Seeking Submissions for the 2016 Summer Issue of Isis-Seshat Journal on the Theme of “Holy Powers, Holy Places, Sacred Spaces”–Deadline: Friday, July 8
From the mystae of ancient Greece walking the sacred way from Athens to Eleusis to celebrate the Mysteries of the Goddesses Demeter and Persephone, to modern pilgrims (Polytheist and Pagan as well as Roman Catholic Christian) in Kildare, Ireland, tying clootie rags on the hawthorn trees flanking holy wells to transmit their prayers to Brigid, to Brazilian Umbanda practitioners tracing the ponto rescado (sacred sigil) of Pomba Gira Sete Encruzhiladas with gunpowder or corn meal in the middle of a three-way crossroads in a cemetery, the association of Holy Powers with Holy Places is a natural one in the human brain hardwired for religious devotion. Whom do you honor, and where? Do you have narrative experiences to share of journeys to sacred sites? How were you transformed by your visit? What does it mean to demarcate Sacred Space at the outset of a ritual? Those are the issues I’d like to explore in the Summer 2016 issue of Isis-Seshat journal, a quarterly journal of the worldwide Fellowship of Isis open to all theistic Pagans, Polytheists, shamans, spirit-workers, and related practitioners besides FOI members (clergy and laity). Continue reading
The ninth and final day of the Novena to La Santa Muerte should occur on a Wednesday. The third of the three-day white glass candles burned in Her honor should be close to burning itself out. Take time for quiet contemplation of the entire Novena experience: How did your devotional relationship with La Santísima deepen? In what ways have you changed–perhaps your attitude towards your own mortality? Or your understanding of the nature of prayer in general, or its contextualization in Mexican folk magic and religion in particular? Have any portents presented themselves at any time during the Novena, assuring you that La Flaquíta has in fact been listening to you? Did you feel Her bony fingers steering your ship of destiny in the past nine days in any way? Synchronicities often abound, in my experience. And it has always been my experience that my prayers manifested pretty quickly, especially if I was seeking payback against an enemy. And somewhere in the darkness, La Santa Muerte Negra grins Her skeletal grin broadly…
The eighth day of the Novena to La Santa Muerte should take place on a Tuesday. Check to see how the three-day candle you lit yesterday is faring. Is the flame burning steadily and cleanly? Is the glass clear? Or has a dark layer of soot, representing an obstacle to the fulfillment of your prayers, formed at the lip of the glass? Overall, what sort of vibration does your shrine to La Santísima exude? How content does She seem to be with your offerings?
The seventh day of the Novena to La Santa Muerte should occur on a Monday. Today is the day to light the third of the three white, three-day glass candles that were required for the perpetual flame. Again, if at all possible, transfer, using a stick of incense or the head of a match, the flame from the second candle before it expires to the third one. As you do so, say:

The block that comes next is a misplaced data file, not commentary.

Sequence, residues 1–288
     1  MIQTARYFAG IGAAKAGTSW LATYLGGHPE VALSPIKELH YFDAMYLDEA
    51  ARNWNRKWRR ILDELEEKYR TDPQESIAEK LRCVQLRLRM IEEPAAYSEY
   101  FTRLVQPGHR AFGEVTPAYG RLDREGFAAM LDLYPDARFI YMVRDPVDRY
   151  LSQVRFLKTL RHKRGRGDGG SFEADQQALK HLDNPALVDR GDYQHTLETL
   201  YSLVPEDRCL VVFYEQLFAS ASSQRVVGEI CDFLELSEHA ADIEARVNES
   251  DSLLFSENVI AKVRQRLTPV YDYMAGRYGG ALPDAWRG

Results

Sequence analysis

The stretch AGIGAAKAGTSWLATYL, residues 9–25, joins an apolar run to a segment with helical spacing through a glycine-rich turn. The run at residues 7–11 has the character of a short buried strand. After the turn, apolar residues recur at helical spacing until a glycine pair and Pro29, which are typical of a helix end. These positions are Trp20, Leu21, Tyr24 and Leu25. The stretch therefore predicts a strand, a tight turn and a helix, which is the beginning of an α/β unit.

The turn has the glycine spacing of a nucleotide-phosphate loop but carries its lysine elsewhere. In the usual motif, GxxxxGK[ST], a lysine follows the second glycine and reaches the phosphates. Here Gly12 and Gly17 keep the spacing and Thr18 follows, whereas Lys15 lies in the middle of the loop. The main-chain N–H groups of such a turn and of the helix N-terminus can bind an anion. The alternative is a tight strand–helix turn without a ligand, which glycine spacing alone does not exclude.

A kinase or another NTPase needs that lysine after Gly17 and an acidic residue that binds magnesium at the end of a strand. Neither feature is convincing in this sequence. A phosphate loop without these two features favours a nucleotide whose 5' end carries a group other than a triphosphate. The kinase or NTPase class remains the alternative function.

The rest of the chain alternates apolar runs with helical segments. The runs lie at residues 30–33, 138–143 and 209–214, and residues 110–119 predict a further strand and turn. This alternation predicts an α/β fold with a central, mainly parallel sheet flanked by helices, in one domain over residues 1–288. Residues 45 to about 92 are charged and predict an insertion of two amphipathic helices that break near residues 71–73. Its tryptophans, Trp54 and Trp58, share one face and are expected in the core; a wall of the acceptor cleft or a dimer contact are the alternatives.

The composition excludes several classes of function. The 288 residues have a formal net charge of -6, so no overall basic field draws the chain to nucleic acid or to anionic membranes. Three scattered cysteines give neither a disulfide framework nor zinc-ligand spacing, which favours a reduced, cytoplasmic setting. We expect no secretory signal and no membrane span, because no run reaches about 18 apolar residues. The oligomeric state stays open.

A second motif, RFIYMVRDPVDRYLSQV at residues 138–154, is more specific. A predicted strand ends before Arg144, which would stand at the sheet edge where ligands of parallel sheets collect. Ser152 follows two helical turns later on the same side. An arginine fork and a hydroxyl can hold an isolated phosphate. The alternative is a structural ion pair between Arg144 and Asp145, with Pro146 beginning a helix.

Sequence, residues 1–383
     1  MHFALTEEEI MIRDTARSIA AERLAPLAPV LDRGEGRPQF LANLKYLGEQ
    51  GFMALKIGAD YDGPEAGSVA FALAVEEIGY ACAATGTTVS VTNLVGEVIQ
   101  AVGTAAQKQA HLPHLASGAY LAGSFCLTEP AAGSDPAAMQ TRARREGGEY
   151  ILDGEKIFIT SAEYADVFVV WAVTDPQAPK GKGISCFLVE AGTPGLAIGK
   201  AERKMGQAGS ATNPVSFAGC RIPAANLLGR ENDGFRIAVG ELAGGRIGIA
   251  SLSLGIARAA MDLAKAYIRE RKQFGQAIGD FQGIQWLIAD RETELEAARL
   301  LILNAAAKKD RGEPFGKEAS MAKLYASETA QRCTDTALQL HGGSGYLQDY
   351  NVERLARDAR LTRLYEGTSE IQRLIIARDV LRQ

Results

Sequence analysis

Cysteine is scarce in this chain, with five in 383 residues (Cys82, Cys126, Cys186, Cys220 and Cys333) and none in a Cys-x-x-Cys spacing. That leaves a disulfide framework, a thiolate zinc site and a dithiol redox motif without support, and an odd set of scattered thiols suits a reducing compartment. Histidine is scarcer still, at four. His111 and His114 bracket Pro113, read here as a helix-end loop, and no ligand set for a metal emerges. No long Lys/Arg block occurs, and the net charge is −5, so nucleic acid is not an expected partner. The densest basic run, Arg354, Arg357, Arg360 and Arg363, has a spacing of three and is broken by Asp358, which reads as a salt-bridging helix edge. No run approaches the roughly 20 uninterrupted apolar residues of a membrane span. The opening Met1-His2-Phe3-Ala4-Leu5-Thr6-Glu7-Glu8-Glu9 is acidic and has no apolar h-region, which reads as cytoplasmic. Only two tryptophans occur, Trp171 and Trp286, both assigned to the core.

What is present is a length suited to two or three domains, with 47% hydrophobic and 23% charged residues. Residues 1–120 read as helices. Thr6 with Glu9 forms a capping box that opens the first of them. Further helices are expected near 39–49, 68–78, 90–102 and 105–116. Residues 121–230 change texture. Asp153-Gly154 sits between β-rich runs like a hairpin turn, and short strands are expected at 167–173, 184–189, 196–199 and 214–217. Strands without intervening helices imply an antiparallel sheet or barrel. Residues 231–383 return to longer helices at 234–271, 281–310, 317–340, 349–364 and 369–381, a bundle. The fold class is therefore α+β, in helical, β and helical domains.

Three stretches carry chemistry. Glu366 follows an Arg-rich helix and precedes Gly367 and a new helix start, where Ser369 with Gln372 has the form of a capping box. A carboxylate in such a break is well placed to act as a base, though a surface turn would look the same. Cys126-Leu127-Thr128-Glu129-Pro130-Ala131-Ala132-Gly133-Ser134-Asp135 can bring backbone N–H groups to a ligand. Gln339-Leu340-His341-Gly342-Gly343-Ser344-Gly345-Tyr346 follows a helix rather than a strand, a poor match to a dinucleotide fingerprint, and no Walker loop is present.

“Flame to flame, the purity of my intentions is ignited.”
If the second candle has already burned out, don’t worry about it. Dress the third candle with any essential oils or herbs that would correspond with your intentions. Light your incense first—again, copal is traditional.
Monday is the day traditionally assigned to offering La Santa Muerte Her offerings on a weekly basis, so go all out and splurge on delectable offerings for Her shrine(s), especially as this is the last third of the Novena. Procure pretty flowers. Offer fresh water in Her clear chalice. Give Her fine chocolates. Pour some primo tequila in a shot glass. Get a decent cigar, if you’re not adverse to offering tobacco, and blow some smoke in Her face before you begin your prayers. Continue reading
The sixth day of the Novena to La Santa Muerte should fall on a Sunday. As it’s the start of a new week, the emphasis is on purification and on cleanliness. On this day of the Novena, it’s best to approach La Santa Muerte after you’ve had a cleansing spiritual bath, which can be as simple as adding epsom salts and either dried jasmine flowers or drops of jasmine essential oil to your hot bath water. If you’re in need of healing, add hyssop as well. If you’re looking to bolster your spiritual protection/psychic hygiene, rue and bergamot are good choices. Continue reading
The fifth day of the Novena to La Santa Muerte should occur on a Saturday. This day is a day of power–technically past the midpoint–in the nine-day prayer vigil and series of offerings, so you want to ensure that you’re stepping up your offerings today. Show La Santísima that you appreciate Her for Who She is, not just what She does for you. Continue reading
The fourth day of the Novena to La Santa Muerte should occur on a Friday. If you’ve been paying Her proper homage all this time, you should definitely be experiencing a shift in energies surrounding the areas in your life for which you’ve been petitioning Her help. In my experience, She responds to prayers pretty swiftly, especially when it comes to addressing injustice: Gracías, Mi Flaquíta! As with other Virgin Goddesses I venerate (such as Artemis), I find that La Santa Muerte paradoxically exudes a fierce maternal protectiveness towards Her devotees. She is so deserving of our thanks and praise! Be generous with your offerings for Her. The great Irish writer Oscar Wilde is said to have quipped, “I have very simple tastes: I simply demand the best of everything!” Let that be your guide in the quality of the heartfelt offerings you give to the Bony Lady! Continue reading